For hundreds of years, skilled craftspeople in the Syrian centers of Aleppo, Damascus, and Homs produced intricately woven textiles for the royal courts, worldly merchants, and elite Bedouin families of the Ottoman Empire. City dwellers were renowned for wearing brightly colored silk garments that glittered with gold and silver threads. By contrast, nomadic Bedouins wore woolen garments in hues and designs reflecting their desert lifestyle. The allure of these garments stems from the technical virtuosity with which they were woven and the aesthetic beauty of their drape and stylized designs.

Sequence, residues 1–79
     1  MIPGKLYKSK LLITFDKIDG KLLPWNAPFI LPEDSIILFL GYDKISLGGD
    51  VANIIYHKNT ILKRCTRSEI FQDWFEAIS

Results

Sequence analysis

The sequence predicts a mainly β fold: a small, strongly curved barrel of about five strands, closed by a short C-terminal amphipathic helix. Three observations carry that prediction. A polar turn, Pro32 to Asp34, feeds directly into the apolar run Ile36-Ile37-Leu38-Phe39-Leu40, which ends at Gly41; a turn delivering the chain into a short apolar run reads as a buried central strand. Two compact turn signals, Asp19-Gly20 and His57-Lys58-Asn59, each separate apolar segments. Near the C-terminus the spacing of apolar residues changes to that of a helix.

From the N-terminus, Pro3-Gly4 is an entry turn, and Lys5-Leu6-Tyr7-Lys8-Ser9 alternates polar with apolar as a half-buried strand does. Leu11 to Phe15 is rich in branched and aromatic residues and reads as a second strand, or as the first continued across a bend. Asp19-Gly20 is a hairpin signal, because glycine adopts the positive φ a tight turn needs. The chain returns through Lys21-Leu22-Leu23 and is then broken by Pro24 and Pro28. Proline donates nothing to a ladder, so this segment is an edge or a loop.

Dressed with Distinction offers a window onto the history of textile production in the Middle East during the late nineteenth and early twentieth centuries, until political and social changes led to the dominance of Western-style commercially manufactured attire. In addition to articulating the social and seasonal contexts in which the garments were worn, this book examines the styles of dress of women, men, and children in Ottoman Syria, including cloaks (abaya), head coverings (hatta), women's body coverings (carsaf), and jackets (qumbas).